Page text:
How to Build Your Crisis Strategy
So where do you start? We’ve come up with a guideline to help:
Brand Tone Audit and Adjustment
Tone matters. And in a crisis, your tone must adjust to the scenario you’re in. Mistakes we see? Sounding too corporate. Lack of empathy about what others are going through. Sounding too confident (bordering arrogant). The list goes on.
Tone adjustment ensures that your brand sounds authentic and authoritative during a time of need, and we can’t stress enough how imperative this will be. Remember; when it comes to tone, you want to convey the following:
- In control – address you know what’s going on and have a plan.
- Humble – understand that in a crisis, someone is always hurting.
- Strong – you’ll make it through this crisis no matter what.
- Agile – situations change, and your employees and shareholders will want to know you’re able to adjust at the drop of a hat.
- Approachable – make sure your stakeholders know they can come to you with suggestions, worries, or fears.
One of our favorite examples? The Red Hen crisis. Although this example isn’t as serious as a global pandemic, it might lighten the mood. In this case, a humorous response was part of her strategy — and it worked. What could have been a sales-based nightmare was turned into a crisis case study overnight.
Current communication analysis and channel determination
Which channels are you using to address your employees and consumers? Are they the same, and should they be? Are you communicating in a way that’s effective, or are you sending a painfully long mass email telling everyone how you’re handling COVID-19? Determining these channels is incredibly important to ensure your communication is reaching the right audience. Most companies will use (say what most use so the reader knows where to start and what’s normal)
Custom communication guidelines
Once you’ve done the above analysis, create guidelines based on your findings that your employees stick to. If you weren’t there to lead, would they have all of the information they need to communicate effectively and consistently?
Review of short and long-term goals
Have you reviewed and advised your short-term goals for your business since the crisis hit? If you didn’t have short term goals created, what does this reality look like for you now? Have you scaled back your sales expectations, or perhaps increased them for industries that are in high demand? Do these goals still align with your long term goals, and how can you adjust your operations to make it so?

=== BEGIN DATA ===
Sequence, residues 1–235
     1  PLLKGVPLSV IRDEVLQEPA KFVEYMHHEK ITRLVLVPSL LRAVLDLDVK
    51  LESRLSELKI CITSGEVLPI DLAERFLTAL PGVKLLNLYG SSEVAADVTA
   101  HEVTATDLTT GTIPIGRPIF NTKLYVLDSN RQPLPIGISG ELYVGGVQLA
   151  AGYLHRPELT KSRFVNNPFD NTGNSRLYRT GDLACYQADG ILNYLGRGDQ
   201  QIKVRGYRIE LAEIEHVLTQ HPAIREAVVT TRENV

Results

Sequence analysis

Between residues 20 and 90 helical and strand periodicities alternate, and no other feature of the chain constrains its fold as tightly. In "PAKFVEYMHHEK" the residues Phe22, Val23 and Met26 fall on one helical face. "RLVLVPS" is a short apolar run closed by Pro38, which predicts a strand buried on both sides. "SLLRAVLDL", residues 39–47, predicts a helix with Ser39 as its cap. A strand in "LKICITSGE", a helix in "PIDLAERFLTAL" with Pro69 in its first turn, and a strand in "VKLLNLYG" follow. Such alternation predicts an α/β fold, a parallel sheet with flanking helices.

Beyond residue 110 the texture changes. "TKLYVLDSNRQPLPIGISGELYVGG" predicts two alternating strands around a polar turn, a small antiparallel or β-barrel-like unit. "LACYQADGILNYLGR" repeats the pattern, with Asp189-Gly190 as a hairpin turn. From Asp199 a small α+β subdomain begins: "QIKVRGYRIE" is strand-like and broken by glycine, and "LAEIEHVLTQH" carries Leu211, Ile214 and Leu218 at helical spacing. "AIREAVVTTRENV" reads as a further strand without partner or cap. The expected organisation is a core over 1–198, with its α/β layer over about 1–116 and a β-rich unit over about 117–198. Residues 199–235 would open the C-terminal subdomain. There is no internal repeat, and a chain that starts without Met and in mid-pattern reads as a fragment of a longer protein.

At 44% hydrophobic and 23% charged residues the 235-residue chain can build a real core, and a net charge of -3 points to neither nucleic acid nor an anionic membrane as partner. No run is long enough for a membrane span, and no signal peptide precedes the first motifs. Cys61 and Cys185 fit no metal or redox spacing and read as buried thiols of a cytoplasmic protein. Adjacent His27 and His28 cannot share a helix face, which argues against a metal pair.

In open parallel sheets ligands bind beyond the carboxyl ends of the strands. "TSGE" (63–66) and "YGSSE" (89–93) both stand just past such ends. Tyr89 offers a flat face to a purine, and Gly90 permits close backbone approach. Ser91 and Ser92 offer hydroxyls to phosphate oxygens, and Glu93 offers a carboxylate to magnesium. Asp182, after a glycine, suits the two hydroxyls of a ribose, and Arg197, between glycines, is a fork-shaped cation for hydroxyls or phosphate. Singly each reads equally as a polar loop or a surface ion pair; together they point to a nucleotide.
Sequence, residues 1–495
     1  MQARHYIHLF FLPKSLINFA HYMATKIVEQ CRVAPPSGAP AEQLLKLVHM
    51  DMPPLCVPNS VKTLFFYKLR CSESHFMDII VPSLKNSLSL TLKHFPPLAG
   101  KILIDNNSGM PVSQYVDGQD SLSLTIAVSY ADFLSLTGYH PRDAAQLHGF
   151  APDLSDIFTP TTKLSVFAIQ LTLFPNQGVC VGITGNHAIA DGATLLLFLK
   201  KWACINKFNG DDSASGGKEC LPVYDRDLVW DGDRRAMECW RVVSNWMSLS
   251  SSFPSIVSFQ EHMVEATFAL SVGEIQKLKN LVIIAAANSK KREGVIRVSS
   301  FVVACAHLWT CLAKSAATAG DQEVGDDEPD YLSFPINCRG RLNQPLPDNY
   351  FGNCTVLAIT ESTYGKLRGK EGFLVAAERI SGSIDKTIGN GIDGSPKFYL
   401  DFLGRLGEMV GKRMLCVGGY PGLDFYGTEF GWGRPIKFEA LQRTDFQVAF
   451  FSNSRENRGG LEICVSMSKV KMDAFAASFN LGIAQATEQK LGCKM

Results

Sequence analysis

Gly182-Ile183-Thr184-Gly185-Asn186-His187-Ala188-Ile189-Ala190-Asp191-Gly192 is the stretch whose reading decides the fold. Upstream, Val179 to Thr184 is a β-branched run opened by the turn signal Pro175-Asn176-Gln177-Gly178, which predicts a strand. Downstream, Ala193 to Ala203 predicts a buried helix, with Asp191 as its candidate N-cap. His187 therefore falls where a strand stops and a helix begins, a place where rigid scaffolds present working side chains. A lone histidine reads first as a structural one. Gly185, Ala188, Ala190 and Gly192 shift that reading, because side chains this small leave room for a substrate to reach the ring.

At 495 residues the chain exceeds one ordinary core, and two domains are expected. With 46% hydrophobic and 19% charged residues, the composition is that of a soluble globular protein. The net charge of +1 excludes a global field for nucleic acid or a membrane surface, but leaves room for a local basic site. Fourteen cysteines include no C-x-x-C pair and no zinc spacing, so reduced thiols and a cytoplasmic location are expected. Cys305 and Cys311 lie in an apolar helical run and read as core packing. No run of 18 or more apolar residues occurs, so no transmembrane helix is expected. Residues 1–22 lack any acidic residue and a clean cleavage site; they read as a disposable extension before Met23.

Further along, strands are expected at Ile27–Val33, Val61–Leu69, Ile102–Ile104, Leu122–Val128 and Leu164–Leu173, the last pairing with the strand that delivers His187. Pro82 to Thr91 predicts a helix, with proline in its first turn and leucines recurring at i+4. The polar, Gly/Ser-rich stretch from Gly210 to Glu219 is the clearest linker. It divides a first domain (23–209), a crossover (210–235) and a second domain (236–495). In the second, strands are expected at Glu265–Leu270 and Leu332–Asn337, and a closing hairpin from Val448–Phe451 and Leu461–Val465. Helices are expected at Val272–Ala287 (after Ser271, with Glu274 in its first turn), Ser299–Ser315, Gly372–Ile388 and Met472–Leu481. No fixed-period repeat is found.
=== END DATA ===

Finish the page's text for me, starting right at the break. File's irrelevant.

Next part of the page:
A crisis hits, now how does it get addressed? Although the nature of a global pandemic is widespread and is communicated across the world, some crises happen to entry-level employees, who have little context or experience to rely on. Are they equipped to handle that? If someone calls in a threat to the company, does everyone know what they should do next and know who to tell?
Crisis Response Process Analysis or Creation
Once again, if you were not there to lead employees through this crisis, would they be able to make it through? Although we all want to be indispensable, you’ve done your job if the answer is yes. Be sure there is a process in place to create strategic and effective communications, using the above guidelines, regardless of the nature of the crisis.
Communication Maintenance Plan
Ok, so you’ve finally sent out that communication to your employees and your consumers or clients. What now? This maintenance plan establishes “swim lanes” for your employees and holds people accountable for their responsibilities during this time. This will help your teams avoid miscommunications in a time of anxiety and stress where mistakes are much more prevalent.
We strongly suggest inviting professionals into your world to establish these items, eliminating any biases or blind spots that may occur. Outside firms will provide an invaluable benefit – outside perspective. When most companies, NGOs or governments come to us for a consultation, we often find that there are adjustments that can be made that will have an incredibly strong impact which leadership may not have seen themselves.
So What Now?
Don’t waste more time. Reach out to us, reach out to your friends with experience, or get to reading online – whatever is best for your company. Hopefully, these guidelines have offered you insight into the areas that need most work.
As we mentioned at the beginning of this article, we’re in this together. Here at Main & Rose, we’re helping our fellow businesses by providing free crisis consultations and deeply discounted custom plans. Several other companies such as PWC, Bain & Co., McKinsey, and more are also offering a helping hand, providing a myriad of free resources to read.
This time is quite unlike any other; businesses are leaning on each other to succeed, and (always keep in mind the silver lining, folks) in the midst of it all, we may all be able to find new partners that we can grow and learn with for the long-haul.
Most importantly, stay safe and stay healthy.